Al Pacino is John Milton. Not John Milton the writer of Paradise Lost, although that is the obvious in-joke of the movie The Devil’s Advocate (1997). No, this John Milton is an attorney and — in what thus might be another obvious in-joke — he is also Satan, the Prince of Darkness. In the movie, he hires a fine young defense attorney, Kevin Lomax (Keanu Reeves), and offers him an escalating set of heinous — and high-profile — cases to try, a set of ever-growing temptations if you will. What will happen to Kevin in the trials to come?
The New Atheists – Richard Dawkins, Sam Harris, Dan Dennett, and the late Christopher Hitchens – are not particularly comfortable people. The fallacies in their arguments beg to be used in classes on informal reasoning. The narrowness of their perspectives are remarkable even by the standards of modern academia. The prejudices against those of other cultures would be breathtaking even in the era when Britannia ruled the waves. But there is a moral fervor unknown outside the pages of the Old Testament. And for this, we can forgive much.
Nearly all of us who live in urban areas across the world know someone who “does yoga” as it is colloquially put. And should we choose to do it ourselves, we need not travel farther than a neighborhood strip mall to purchase a yoga mat or attend a yoga class.
Many outsiders to contemporary popularized yoga profoundly trivialize it by reducing it to a mere commodity of global market capitalism and to impotent borrowings from or “rebrandings” of traditional, authentic religious products. In other words, according to this account, popularized yoga can be reduced to mere commodities meant to fulfill utilitarian needs or meet hedonistic desires.
The story that most Jewish children learn about the holiday of Chanukah is that it commemorates the Jews’ victory over foreign invaders and their sullying cultural influences. Around 200 B.C.E., Judea was the rope in a tug of war between two stronger powers: the Ptolemic dynasty of Egypt and the Seleucid Empire of Syria. The Seleucids, led by the kings Antiochus III & IV, won when Antiochus invaded Judea in 175 B.C.E.
The winter solstice settles on 21 December this year, which means it’s the day with the least amount of sunlight. It’s the official first day of winter, although people have been braving the cold for weeks, huddled in coats and scarves and probably wool socks.
Paradise, a 1982 knock-off of the movie Blue Lagoon, stars Phoebe Cates and Willie Aames as teenagers who find themselves alone in a place of natural beauty and experiencing the ultimate joy together. Ann Wilson of Heart and Mike Reno of Loverboy can see forever in each other’s eyes in “Almost Paradise,” their Top Ten hit from the Footloose soundtrack (“Almost paradise / We’re knocking on Heaven’s door”). Ridley Scott’s Gladiator (2000) references the Elysian Fields, a paradise beyond this one where the blessed go when they die.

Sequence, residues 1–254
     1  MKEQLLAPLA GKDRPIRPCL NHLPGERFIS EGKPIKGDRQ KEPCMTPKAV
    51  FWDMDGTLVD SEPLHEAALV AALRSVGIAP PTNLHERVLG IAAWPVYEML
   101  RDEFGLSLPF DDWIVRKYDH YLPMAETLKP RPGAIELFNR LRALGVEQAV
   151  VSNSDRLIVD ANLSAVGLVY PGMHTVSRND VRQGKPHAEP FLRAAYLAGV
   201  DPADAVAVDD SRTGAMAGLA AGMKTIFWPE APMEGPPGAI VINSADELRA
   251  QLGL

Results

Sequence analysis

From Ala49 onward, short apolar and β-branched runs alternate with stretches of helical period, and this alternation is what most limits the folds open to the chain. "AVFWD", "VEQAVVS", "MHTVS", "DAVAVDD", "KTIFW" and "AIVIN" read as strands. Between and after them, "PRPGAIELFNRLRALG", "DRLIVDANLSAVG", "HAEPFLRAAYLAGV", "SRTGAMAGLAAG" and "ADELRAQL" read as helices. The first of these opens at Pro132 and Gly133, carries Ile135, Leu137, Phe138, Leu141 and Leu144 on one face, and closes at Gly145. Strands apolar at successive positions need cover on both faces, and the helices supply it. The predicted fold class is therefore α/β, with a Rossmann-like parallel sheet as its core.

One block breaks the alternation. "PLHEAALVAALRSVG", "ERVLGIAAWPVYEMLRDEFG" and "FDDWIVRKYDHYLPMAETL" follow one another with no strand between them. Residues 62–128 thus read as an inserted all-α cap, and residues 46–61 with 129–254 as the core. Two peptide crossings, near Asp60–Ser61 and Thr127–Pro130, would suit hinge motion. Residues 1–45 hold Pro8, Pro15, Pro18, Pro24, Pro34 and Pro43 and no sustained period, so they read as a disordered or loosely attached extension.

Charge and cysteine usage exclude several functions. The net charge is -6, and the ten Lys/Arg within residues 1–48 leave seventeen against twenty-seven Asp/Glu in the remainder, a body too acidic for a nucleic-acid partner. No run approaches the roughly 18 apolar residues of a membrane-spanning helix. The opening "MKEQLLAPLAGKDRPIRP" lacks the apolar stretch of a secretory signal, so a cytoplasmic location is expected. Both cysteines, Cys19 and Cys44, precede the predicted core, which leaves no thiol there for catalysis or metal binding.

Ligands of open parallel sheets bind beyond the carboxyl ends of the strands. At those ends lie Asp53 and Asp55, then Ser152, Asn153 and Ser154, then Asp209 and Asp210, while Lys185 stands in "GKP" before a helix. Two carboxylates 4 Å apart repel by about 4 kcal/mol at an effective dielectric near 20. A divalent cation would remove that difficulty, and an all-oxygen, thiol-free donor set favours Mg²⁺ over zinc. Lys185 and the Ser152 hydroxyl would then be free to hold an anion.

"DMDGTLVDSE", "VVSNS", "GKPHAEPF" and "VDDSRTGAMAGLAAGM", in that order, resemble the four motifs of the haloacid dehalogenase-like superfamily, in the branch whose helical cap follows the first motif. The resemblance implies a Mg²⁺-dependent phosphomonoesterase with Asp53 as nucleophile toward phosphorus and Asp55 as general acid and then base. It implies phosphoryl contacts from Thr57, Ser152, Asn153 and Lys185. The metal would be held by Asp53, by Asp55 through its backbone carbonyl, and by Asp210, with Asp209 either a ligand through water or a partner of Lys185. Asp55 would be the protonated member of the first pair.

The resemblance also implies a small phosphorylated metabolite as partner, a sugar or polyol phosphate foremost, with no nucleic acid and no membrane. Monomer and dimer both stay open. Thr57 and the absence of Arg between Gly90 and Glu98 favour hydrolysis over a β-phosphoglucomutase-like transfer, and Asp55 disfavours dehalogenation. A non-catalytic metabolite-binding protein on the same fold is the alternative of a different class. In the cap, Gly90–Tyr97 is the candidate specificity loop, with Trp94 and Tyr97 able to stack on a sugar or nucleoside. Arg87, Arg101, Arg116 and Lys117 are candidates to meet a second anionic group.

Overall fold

How far back in time European communities began to recognize and chart the movements of the sun, moon, and stars it is impossible to say, but for the mobile hunting bands of the Palaeolithic period, following large herds through the forests of Europe and returning to base camps when the hunt was over, the ability to navigate using the stars would have been vital to existence.
On the surface, the Lifetime channel’s special Women of the Bible tells a very different story than The Red Tent. The two-hour program which aired just prior to the miniseries premiere claims to read with the Bible rather than against it, suggesting that the text itself depicts strong and faithful women—no retelling necessary.
The Red Tent was perfect for the Lifetime channel. The network’s four-hour miniseries closely followed Anita Diamont’s 1997 novel, which gave voice—and agency—to the biblical character of Dinah.
Moses and Pharaoh are returning to the big screen in Ridley Scott’s seasonal blockbuster, Exodus: Gods and Kings. With a $200m budget and Christian Bale in the leading role, the British director will hope to replicate the success of Gladiator […]
Carols bring Christians together around the Christ Child lying in the manger. During Advent and at Christmas, Christians everywhere sing more or less the same repertoire. Through our carols we share the same deep delight at the birth of a poor child who was to become the Saviour of all human beings.
Thanks to everyone who visited our booth at the American Academy of Religion/Society of Biblical Literature annual meeting this year! We had a great time in San Diego. One of our favorite parts of the meeting was seeing many of our authors (and for many of us, meeting them for the first time!).
As a small boy in the 1920s, my father sang in the choir of the parish church, St Matthews, in Walsall in the British Midlands. Twenty years later, he was married with a couple of children and our small, tight family belonged to the Religious Society of Friends, the Quakers. Friends do not have church services. There is no hymn singing. But every Christmas Eve, religiously as one might say, at three o’clock in the afternoon, the family gathered around the radio to listen to the broadcast of carols and lessons from King’s College, Cambridge.
Walking It Off was the title Doug Peacock gave to his 2005 book about returning home from the trauma of the Vietnam War. The only solace the broken Army medic could find was hiking the Montana wilderness in the company of grizzly bears. Wild places proved strangely healing — echoing a wounded wilderness within.
From 5-19 October 2014, Pope Francis held the Extraordinary Synod of Bishops on the Family in Rome. The purpose of the synod was to discuss the Church’s stance on such issues as divorce, birth control, and especially, the legalization of gay marriage.